Scientists welcomed Ban Ki Moon to Antarctica with a glass of Johnny Walker Black Label served "on the rocks" with 40,000-year-old polar ice. But the researchers delivered an alarming message to the UN Secretary-General about a potential environmental catastrophe that could raise sea levels by six metres if an ice sheet covering a fifth of the continent crumbles.
The polar experts, studying the effects of global warming on the icy continent that is devoted to science, fear a repeat of the 2002 collapse of the Larsen B ice shelf. The 12,000-year-old shelf was 220 metres (720ft) thick and almost the size of Yorkshire.
"I was told by scientists that the entire Western Antarctica is now floating. That is a fifth of the continent. If it broke up, sea levels may rise as much as six metres," Mr Ban said after being briefed at the Chilean, Uruguayan and South Korean bases during a day trip to King George Island, at the tip of the Antarctic Peninsula.
For Mr Ban, a media-shy former South Korean Foreign Minister, to travel to Antarctica was a dramatic gesture aimed at highlighting his personal concern over global warming. Accompanying the UN chief was his wife, Yoo Soon Taek. The meticulously dressed couple had to don padded polar trousers and anoraks in the hold of a Chilean military transport aircraft during the 2?hour flight from Punta Arenas, southern Chile.
Mr Ban skipped a three-course lunch that the Chilean Air Force had prepared so that he could land by ski-plane on the retreating Collins glacier. "What we have seen is very impressive and beautiful," he said. "But at the same time it can be disturbing too."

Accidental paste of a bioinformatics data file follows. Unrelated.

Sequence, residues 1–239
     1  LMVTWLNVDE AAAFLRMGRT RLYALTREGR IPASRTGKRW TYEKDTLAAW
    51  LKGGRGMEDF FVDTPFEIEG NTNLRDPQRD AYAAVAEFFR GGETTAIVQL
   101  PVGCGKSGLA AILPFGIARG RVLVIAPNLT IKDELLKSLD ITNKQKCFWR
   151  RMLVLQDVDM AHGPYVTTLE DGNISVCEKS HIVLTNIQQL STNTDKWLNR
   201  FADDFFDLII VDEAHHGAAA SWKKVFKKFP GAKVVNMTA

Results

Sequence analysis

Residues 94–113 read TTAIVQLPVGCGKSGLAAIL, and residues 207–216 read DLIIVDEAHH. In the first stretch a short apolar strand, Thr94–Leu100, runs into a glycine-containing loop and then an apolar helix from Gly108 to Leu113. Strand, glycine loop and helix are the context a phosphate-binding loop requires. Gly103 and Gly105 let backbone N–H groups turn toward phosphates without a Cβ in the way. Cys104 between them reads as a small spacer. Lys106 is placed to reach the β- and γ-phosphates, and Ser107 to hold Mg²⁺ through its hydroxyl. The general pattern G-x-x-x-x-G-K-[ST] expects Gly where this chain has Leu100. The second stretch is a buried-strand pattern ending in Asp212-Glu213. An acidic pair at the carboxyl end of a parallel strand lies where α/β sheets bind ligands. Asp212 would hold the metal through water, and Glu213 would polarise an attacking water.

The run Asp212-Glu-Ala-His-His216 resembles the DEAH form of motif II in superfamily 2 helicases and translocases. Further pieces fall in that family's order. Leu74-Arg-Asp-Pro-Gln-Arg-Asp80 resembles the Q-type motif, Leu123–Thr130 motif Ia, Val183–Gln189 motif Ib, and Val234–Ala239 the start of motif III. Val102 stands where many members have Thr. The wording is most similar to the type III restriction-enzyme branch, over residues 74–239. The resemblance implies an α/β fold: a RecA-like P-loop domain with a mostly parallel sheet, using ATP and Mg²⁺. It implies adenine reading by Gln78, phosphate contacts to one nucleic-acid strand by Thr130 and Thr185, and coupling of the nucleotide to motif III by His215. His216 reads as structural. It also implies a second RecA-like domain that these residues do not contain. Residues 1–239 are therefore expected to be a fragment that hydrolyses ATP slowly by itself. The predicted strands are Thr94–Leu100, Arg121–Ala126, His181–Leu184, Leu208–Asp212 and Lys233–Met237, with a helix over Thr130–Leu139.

Eduardo Frei Montalva Air Force Base, a year-round settlement of corrugated-iron cabins belonging to Chile, lies in one of the world's worst "hot spots" - temperatures have been rising 0.5C (0.9F) a decade since the 1940s. The base is still coated in thick snow and the bay still frozen because of an unusually harsh Antarctic winter. The temperature for the UN chief's visit was a tolerable minus 4C (25F). The arrival of the austral summer would normally have turned the ground to mud by this time of year. Yet scientists say that what matters for the polar ice is not how cold it gets in winter but how hot it gets in summer. And they are alarmed at the extremes of temperature.
Sang Hoon Lee, the chief of the South Korean research station, said: "The most evident change is the retreat of the glacier in front of the Korean station, which has been more than one kilometre in the past 50 years. That means very, very serious global warming is taking place."
Gino Casassa, a Chilean member of the Nobel Peace Prize-winning Intergovernmental Panel on Climate Change, said: "The climate change here in the past ten years has been up to ten times the global average."
The change was predicted by John Mercer, a glaciologist, he said. The late Dr Mercer, who worked at Ohio State University, theorised that the collapse of ice shelves along the Antarctic Peninsula could be a harbinger of the disintegration of the much larger West Antarctic Ice Sheet, which would raise global sea levels by six metres over the course of a century.
His warning was first published in the journal of the International Association of Scientific Hydrology in 1968, but attracted little attention until it was published in Nature magazine a decade later. Now it has the UN Secretary-General's attention as he prepares for a UN climate change conference in Bali next month aimed at trying to agree limits on "greenhouse gas" emissions once the restrictions specified by the Kyoto Protocol expire in 2012. Before that Mr Ban will go to Valencia, in Spain, for the launch on Saturday of a fourth and final report by the Intergovernmental Panel on Climate Change, summing up the findings of the panel's 2,500 scientists.
The panel's last major report, in 2001, predicted that the Antarctic ice cap would grow in size in the 21st century before shrinking and adding "several metres" to global sea level "over the next 1,000 years" - a finding that the panel is now expected to reassess.
"This is an emergency. For an emergency situation we need an emergency act," Mr Ban said before his flight back to Chile. "We have resources. We have financing. Only lacking is political will." ( Times )